Tommy mentioned that some of the food they grow consists of microgreens, including cilantro, radish, broccoli, mustard-southern giant, sunflower, and micro spicy mix; seasonal greens including mustard-baby greens, spinach, beet greens, kale (red Russian baby kale); lettuce and salad mixes such as romaine, green crisp lettuce, red leaf lettuce and butter green lettuce; herbs, including rosemary, oregano, sage, lemon balm, Italian green beans and pineapple sage; and edible flowers, including edible blossom sampler, edible nasturtium and edible violas. He mentioned that they are also growing blackberries this year.
“Microgreens are more tender and nutritious,” he said.
Kristi said as part of the homeschooling, their two daughters and son enjoy helping around the farm.
“It’s very educational for them to learn where their food comes from and it builds their work ethic,” she said.
As they focus on health and being wholistic, Tommy said they are certified naturally grown.
“That means we follow all organic practices. We don’t use any synthetic pesticides, we use all organic seeds and no GMOs,” he said. “We also work at building the soil with natural materials.”
Tommy said they originally primarily sold produce out of the Piedmont Triad Farmers Market in Colfax, but now they only sell there os an as-need basis.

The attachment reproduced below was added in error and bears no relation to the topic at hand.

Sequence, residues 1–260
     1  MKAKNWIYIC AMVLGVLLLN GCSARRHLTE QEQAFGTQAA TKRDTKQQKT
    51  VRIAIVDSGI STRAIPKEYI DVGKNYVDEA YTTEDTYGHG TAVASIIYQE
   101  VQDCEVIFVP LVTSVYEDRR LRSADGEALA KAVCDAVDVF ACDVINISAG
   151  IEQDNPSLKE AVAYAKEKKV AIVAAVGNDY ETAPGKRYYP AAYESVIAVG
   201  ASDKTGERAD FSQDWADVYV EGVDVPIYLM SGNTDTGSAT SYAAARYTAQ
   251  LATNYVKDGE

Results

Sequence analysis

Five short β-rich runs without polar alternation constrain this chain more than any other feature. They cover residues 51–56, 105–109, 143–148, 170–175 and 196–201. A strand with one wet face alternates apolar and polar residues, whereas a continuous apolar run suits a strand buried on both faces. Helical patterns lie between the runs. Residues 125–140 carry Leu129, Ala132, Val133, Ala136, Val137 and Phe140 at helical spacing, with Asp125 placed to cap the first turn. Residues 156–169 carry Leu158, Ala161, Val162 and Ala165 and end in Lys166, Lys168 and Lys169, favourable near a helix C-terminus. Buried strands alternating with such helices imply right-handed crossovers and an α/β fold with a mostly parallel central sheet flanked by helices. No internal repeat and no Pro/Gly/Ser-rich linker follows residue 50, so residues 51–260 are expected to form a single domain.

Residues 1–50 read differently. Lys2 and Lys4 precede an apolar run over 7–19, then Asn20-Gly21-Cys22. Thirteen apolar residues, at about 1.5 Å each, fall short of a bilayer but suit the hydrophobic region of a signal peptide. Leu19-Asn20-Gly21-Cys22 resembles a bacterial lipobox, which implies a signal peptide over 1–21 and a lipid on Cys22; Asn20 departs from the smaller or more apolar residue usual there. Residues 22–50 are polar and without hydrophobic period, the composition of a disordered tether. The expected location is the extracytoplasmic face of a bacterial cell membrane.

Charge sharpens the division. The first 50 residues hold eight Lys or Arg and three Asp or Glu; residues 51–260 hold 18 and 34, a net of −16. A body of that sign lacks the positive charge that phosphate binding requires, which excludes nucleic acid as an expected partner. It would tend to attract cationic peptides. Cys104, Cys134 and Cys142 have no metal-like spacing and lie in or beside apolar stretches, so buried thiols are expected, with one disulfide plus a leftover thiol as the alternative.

“Now, we mostly do online sales and pick up,” he said.
Along with selling to individual families, Tommy said they also sell to local restaurants including The Prescott in Kernersville, DaVinci’s Table in Burlington and the have just started working with Alexandria’s Bistro in High Point.
Tommy mentioned that they are also working toward building a farm store on site at their home.
“We’re saving money from market sales, but it will end up being a stand-alone building with glass coolers to keep product preserved and we’ll have parking and shelters so we can end up selling plants and other farm goodies,” he explained.
Kristi said along with taking orders online, they also offer CSAs (community supported agriculture) or “salad subscriptions.”
“We’re starting our second 10-week cycle, and then we’ll have a fall and winter CSA,” she said. “The weekend of June 12 – 14 is our first salad subscription/CSA, so there is still time for people to jump into the summer one.”
Kristi explained that the CSA is salad focused, but they will also have some summer crops like tomatoes, squash, cucumbers, peppers, okra, edible flowers and more.
“By doing a CSA, people are investing in the farm to help us,” she said. “You can go to our website to sign up and we offer delivery for $5 within 15 miles of the farm, but most people are pick up.”
Tommy added that they update their shopping list every Thursday and people can subscribe to an email for a “fresh list,” which lists what is fresh from the farm each week.
Along with growing food for the community, Tommy said they also grow and raise other things for their own consumption, including eggs, honeybees, and chickens and turkeys for meat. They also have two farm cats.
When asked what they enjoy most about 5 Woods Farm, Tommy said, “Watching God’s creation grow and spending time as a family. The office space is beautiful.”